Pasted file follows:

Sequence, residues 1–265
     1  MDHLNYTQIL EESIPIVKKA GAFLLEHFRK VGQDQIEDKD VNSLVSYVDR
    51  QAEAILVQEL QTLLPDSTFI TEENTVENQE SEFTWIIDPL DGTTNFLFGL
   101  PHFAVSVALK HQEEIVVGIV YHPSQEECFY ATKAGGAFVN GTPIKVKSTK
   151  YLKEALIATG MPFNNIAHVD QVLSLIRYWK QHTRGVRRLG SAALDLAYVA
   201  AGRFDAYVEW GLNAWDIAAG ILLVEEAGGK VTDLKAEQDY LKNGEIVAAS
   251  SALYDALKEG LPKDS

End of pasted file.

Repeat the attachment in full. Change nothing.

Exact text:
Sequence, residues 1–265
     1  MDHLNYTQIL EESIPIVKKA GAFLLEHFRK VGQDQIEDKD VNSLVSYVDR
    51  QAEAILVQEL QTLLPDSTFI TEENTVENQE SEFTWIIDPL DGTTNFLFGL
   101  PHFAVSVALK HQEEIVVGIV YHPSQEECFY ATKAGGAFVN GTPIKVKSTK
   151  YLKEALIATG MPFNNIAHVD QVLSLIRYWK QHTRGVRRLG SAALDLAYVA
   201  AGRFDAYVEW GLNAWDIAAG ILLVEEAGGK VTDLKAEQDY LKNGEIVAAS
   251  SALYDALKEG LPKDS